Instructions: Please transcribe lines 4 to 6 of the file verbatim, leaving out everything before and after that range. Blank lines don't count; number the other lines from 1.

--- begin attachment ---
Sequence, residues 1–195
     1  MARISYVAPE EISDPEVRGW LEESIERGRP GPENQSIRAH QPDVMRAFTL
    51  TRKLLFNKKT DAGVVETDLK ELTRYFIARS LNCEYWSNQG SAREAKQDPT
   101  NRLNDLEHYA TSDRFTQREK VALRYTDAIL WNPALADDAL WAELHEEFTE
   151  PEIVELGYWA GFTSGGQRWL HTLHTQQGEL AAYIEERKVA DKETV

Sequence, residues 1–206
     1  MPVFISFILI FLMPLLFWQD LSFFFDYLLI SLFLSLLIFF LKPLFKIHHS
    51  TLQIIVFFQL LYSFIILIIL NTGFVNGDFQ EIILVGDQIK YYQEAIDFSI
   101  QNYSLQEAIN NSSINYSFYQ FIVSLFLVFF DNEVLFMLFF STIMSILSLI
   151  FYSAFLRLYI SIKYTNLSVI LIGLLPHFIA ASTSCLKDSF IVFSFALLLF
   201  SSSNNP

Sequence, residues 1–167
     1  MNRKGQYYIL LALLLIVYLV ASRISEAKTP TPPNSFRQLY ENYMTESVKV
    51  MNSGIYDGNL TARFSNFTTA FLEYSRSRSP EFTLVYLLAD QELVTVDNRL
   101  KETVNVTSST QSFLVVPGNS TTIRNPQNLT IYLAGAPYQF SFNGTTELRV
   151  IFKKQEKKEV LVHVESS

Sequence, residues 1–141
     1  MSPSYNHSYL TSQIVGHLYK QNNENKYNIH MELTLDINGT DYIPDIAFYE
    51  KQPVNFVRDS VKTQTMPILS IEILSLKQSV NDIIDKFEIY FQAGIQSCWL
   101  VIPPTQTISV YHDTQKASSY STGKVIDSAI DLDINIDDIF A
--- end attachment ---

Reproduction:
   101  NRLNDLEHYA TSDRFTQREK VALRYTDAIL WNPALADDAL WAELHEEFTE
   151  PEIVELGYWA GFTSGGQRWL HTLHTQQGEL AAYIEERKVA DKETV

Sequence, residues 1–206